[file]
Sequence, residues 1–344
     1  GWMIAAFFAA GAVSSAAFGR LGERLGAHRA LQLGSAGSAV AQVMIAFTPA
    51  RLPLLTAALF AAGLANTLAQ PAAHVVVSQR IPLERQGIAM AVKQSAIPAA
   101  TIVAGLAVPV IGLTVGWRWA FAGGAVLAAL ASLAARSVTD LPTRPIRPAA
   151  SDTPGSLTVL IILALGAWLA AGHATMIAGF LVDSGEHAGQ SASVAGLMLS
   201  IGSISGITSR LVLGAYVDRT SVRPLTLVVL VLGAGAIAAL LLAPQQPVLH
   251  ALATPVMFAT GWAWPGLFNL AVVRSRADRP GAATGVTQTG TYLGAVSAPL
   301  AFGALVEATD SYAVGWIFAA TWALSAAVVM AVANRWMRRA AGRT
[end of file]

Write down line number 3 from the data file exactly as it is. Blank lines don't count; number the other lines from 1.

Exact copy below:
    51  RLPLLTAALF AAGLANTLAQ PAAHVVVSQR IPLERQGIAM AVKQSAIPAA